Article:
June 26, 2019
Surgeons who practice in smaller, rural communities require a specialized training program that reflects what a smaller community practice would require.
However, many general surgical residencies aren’t designed to incorporate this type of training. This prompted Claude Deschamps, M.D., then chair of the Department of Surgery, along with Heidi Nelson, M.D., and Stephanie Heller, M.D., to create Mayo Clinic's Integrated Community and Rural Surgery Track in 2012.
The Integrated Community and Rural Surgery Track of the General Surgery Residency (Minnesota) offers residents a diverse surgical experience in specialties such as gynecology, orthopedics, urology, otolaryngology, and thoracic surgery, as well as colorectal and plastic surgery.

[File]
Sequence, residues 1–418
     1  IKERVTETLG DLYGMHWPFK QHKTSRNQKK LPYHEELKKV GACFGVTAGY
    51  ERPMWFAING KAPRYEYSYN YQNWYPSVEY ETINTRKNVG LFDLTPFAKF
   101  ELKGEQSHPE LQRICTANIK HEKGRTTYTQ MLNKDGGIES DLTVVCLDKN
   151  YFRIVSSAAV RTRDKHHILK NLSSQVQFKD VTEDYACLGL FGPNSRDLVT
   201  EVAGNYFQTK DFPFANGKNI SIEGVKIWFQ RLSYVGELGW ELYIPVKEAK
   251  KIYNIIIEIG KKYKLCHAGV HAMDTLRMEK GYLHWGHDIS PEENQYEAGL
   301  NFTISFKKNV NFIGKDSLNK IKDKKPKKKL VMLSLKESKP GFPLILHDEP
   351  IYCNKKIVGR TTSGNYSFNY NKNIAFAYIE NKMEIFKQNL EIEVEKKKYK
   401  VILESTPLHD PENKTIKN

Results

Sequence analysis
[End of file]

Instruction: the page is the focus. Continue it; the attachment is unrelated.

Residents spend a year training at Mayo Clinic Health System locations from La Crosse and Eau Claire, Wisconsin, as well as Mankato, Owatonna, and Red Wing, Minnesota, honing their skills under the guidance of health system surgeons.
The track gives trainees time to explore if community practice is for them, and if so, the necessary skill set to prepare for that kind of practice.
"It also gives Mayo Clinic a pipeline of providers who may choose to stay with Mayo Clinic Health System," Dr. Nelson says. "If not, they'll be carrying with them the Mayo Clinic Model of Care to communities throughout the country."
In fact, the first resident to be accepted into the program, Randy Lehman, M.D., is on track to graduate in June 2020 and will begin his community surgical practice at Pulaski Memorial Hospital in Winamac, Indiana, about 30 minutes from his hometown of Rensselaer, population 5,500. And thanks to his training, he'll be ready.
A version of this story originally appeared on the Mayo News Center, an internal information hub for Mayo Clinic employees.